A 27-year-earlier campaign to keep Te Muri vehicle free provided the segue to the start of the prize giving. artist John Cole had illustrated the document describing how Te Muri could be developed with a footbridge far enough upstream to preserve the paddling wading or swimming experience visitors had come to cherish, rather than the estuary suffer the indignity of being raped by a great concrete road bridge across its widest point. When John died prematurely his family choose to memorialise him with a Garth Middle-designed bronze trophy evoking a Waitemata A-class keel yacht. St Ayles skiff ‘raid’ organiser Tanya Ankersmit was introduced to explain the choice of John Cole Trophy recipient, which is awarded for aesthetic contribution to the Mahurangi Regatta, this year to Mike Mahoney and his Wee Tawera, accepted on his behalf by fellow skiff proponent Steve Cranch.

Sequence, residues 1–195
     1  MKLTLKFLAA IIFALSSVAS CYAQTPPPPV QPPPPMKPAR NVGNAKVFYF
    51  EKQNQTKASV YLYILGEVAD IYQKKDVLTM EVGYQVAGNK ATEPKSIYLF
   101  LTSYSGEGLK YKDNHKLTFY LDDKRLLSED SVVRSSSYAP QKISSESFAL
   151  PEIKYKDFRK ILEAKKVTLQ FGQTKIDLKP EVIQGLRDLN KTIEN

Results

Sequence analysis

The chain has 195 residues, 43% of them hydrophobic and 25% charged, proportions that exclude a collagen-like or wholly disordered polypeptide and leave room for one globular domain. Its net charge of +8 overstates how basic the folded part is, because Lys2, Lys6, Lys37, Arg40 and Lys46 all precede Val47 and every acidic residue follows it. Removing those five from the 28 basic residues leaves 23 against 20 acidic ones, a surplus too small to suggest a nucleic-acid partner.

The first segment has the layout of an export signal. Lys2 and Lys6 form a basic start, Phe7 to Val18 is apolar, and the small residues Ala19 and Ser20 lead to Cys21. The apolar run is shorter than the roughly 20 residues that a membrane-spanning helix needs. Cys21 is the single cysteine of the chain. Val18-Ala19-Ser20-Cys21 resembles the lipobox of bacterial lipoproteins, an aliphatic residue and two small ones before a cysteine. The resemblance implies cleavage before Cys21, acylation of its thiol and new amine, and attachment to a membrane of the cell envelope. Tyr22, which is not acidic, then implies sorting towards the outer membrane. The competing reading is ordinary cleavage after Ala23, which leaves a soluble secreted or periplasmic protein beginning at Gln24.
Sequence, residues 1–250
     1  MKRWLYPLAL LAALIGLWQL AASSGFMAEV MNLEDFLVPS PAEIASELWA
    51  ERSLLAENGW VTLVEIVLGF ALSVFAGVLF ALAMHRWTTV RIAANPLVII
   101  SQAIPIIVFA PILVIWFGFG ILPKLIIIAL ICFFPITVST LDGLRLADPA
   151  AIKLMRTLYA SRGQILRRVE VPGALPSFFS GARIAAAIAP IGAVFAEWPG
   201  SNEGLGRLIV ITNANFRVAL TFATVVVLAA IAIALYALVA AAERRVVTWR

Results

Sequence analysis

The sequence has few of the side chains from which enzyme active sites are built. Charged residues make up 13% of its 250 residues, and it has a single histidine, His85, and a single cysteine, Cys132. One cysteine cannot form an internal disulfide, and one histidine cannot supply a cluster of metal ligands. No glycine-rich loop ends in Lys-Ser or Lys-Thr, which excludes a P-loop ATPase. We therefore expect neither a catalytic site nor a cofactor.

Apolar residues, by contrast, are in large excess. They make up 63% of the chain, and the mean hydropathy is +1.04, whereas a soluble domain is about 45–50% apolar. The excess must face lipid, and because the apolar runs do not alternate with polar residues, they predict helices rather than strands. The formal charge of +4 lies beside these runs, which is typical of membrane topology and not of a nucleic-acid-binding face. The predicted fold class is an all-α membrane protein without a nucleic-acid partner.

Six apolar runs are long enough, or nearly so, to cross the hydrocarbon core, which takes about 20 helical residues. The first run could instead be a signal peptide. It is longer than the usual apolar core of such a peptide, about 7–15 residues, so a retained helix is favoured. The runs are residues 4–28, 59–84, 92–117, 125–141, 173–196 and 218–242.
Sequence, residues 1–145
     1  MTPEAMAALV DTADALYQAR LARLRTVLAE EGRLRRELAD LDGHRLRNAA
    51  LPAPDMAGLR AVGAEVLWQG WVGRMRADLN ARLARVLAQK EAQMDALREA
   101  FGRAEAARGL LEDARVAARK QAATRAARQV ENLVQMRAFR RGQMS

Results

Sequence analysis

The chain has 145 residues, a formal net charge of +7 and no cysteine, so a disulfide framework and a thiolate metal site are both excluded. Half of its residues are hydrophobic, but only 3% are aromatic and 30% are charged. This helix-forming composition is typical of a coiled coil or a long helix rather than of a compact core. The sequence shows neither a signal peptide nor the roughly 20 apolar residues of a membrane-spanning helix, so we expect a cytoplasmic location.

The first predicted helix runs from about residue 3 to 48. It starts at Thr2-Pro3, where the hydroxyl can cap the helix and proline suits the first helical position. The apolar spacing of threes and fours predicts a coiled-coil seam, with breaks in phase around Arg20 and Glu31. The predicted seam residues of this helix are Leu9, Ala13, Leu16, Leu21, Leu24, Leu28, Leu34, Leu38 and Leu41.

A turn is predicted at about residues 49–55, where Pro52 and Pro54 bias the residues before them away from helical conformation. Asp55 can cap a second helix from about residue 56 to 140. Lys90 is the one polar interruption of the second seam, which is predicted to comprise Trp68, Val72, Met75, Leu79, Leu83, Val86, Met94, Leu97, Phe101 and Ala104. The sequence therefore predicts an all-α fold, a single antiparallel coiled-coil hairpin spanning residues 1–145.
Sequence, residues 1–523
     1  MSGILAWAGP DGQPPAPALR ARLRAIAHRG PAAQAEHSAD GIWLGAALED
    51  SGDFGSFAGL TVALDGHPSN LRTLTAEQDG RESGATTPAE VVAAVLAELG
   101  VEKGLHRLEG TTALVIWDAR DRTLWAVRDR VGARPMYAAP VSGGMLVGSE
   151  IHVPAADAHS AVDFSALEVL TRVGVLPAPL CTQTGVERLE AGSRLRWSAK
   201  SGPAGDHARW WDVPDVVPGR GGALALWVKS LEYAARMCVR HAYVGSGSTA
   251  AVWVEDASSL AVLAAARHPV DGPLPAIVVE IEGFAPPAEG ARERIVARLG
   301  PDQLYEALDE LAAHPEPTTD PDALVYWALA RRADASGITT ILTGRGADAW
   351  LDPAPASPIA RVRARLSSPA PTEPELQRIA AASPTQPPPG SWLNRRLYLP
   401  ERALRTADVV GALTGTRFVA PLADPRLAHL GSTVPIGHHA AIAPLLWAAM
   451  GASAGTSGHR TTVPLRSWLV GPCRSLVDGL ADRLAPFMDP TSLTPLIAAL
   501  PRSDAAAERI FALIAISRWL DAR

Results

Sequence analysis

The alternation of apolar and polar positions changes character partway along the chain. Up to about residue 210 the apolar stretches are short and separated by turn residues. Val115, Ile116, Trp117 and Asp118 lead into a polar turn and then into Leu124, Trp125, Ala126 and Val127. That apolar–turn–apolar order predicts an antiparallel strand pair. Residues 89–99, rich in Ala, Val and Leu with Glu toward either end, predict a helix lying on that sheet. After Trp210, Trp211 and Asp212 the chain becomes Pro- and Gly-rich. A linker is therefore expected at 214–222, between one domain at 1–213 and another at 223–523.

After completion of the prize giving, thanks to the crowd having its attention alerted to it, and for as long as the light held, the entries tent was deluged with enthusiastic interest, nicely contributing, to those collected at Sullivans Bay, to a total of 77 pro forma submissions entrusted to Mahurangi Action, 16 of which bore additional messages for Auckland Council, such as:
See [addressing missing section of] Te Araroa Trail as important locally and internationally. This is an opportunity which, if missed now, may NEVER be repeated.
Thanks to the insistence of the principal regatta sponsor Teak Construction, a new, dedicated entries tent had been commissioned, with one entire wall displaying a map of Mahurangi Coastal Trail. This over-sized map proved a palpable means of portraying the opportunity of the coastal trail—immediately placing the concept firmly in the Monty Python category of the bleeding obvious. For many, the close proximity of Wenderholm and Waiwera to Sullivans Bay was a revelation.